ALS (amyotrophic lateral sclerosis), more commonly known as Lou Gehrig’s disease, is a progressive neurodegenerative disorder that destroys the ability of muscles to function properly. Important nerve cells in the brain and spine controlling movement are gradually damaged and hardened, leading to increasing muscle atrophy.
ALS typically starts innocuously with mild muscle twitching, weakness in extremities, or possibly slurred speech. However, this develops into a total lack of muscle control, including those needed to eat and breathe. Sadly there is no known cure for this terminal illness, but treatment has been shown to improve patient comfort.
The specific signs and symptoms of ALS will differ significantly from person to person, depending on which nerve cells are impacted first. That said, they generally involve trouble doing normal daily activities, increased tripping, weakness in limbs, and muscle cramps.
But other common symptoms are less obvious, including cognitive or behavioral changes — for instance, crying, laughing, or other emotional responses at odd or inappropriate times. Symptoms usually start in the hands or feet and work toward the body.
ALS progressively damages the nerve cells, which control movement. These motor neurons extend from the brain and spinal cord to all the muscles of the body. As function gradually deteriorates over time, the body’s ability to send messages to the muscles is eventually lost.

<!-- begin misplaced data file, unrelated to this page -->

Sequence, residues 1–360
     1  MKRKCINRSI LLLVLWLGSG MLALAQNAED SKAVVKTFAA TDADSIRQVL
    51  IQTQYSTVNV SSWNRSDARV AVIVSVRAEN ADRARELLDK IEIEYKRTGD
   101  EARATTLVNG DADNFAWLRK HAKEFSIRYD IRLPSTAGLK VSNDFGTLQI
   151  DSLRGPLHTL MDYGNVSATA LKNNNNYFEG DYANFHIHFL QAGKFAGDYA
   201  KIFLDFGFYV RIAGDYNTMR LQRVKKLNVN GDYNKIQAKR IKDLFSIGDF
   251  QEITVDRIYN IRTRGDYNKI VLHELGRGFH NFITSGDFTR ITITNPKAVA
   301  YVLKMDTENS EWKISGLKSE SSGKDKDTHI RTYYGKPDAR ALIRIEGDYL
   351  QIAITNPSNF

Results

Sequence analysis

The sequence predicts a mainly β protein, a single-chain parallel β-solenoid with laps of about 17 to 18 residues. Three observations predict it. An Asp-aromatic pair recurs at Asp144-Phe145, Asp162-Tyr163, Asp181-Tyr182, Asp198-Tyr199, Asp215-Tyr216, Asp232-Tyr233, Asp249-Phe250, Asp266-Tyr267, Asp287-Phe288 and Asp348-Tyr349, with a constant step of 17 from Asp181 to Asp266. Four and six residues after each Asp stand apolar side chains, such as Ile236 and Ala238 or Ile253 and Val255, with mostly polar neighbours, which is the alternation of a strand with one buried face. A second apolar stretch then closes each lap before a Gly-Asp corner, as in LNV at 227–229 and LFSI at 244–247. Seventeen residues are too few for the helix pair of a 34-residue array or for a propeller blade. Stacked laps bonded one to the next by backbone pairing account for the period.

While researchers don’t yet know what causes ALS, the best theories suggest a complex interaction between genetics and environmental factors.
The most well-established risk factor for ALS is heredity, as 5-10% of people with ALS have a family member also diagnosed. Studies of the human genome have also shown that those with ALS tend to have similar genetic variation.
The other major risk factors we understand are also things we have no control over, such as age and sex. Those between the ages of 40 and 65 have the highest risk of developing ALS, while before the age of 65, men are slightly more likely than women to have ALS.
However, researchers have identified a few key things people can do to lower their risk of developing ALS. Smoking is understood to be the biggest risk factor for ALS that can be easily controlled. That said, both environmental toxin exposure and military service have been shown to correlate with developing the condition, although researchers are split on why.
ALS is a relatively rare condition, with only 5,000 new cases being diagnosed in the US every year. That said, estimates suggest only around 16,000 people are currently living with the disease, highlighting its severity.
Given the terminal diagnosis, we must develop new and effective drugs to help slow symptom progression as much as possible. If you believe you or a loved one may be developing ALS, you must contact your doctor as soon as possible. Only they can provide the proper testing and options moving forward.